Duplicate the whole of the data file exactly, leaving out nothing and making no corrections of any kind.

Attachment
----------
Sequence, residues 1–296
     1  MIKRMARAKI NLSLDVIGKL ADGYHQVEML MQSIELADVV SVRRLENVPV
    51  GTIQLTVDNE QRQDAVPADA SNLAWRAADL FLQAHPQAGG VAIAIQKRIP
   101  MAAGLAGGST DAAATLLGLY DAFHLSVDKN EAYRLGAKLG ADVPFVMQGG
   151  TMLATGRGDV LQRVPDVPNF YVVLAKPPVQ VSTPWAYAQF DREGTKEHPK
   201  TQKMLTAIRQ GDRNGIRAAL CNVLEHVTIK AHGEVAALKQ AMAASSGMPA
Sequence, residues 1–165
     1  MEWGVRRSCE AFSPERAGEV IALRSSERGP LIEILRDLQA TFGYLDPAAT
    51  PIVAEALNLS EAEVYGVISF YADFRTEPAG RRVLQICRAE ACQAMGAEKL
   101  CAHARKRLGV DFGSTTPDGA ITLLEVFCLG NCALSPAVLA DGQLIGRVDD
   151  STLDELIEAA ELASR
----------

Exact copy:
Sequence, residues 1–296
     1  MIKRMARAKI NLSLDVIGKL ADGYHQVEML MQSIELADVV SVRRLENVPV
    51  GTIQLTVDNE QRQDAVPADA SNLAWRAADL FLQAHPQAGG VAIAIQKRIP
   101  MAAGLAGGST DAAATLLGLY DAFHLSVDKN EAYRLGAKLG ADVPFVMQGG
   151  TMLATGRGDV LQRVPDVPNF YVVLAKPPVQ VSTPWAYAQF DREGTKEHPK
   201  TQKMLTAIRQ GDRNGIRAAL CNVLEHVTIK AHGEVAALKQ AMAASSGMPA
Sequence, residues 1–165
     1  MEWGVRRSCE AFSPERAGEV IALRSSERGP LIEILRDLQA TFGYLDPAAT
    51  PIVAEALNLS EAEVYGVISF YADFRTEPAG RRVLQICRAE ACQAMGAEKL
   101  CAHARKRLGV DFGSTTPDGA ITLLEVFCLG NCALSPAVLA DGQLIGRVDD
   151  STLDELIEAA ELASR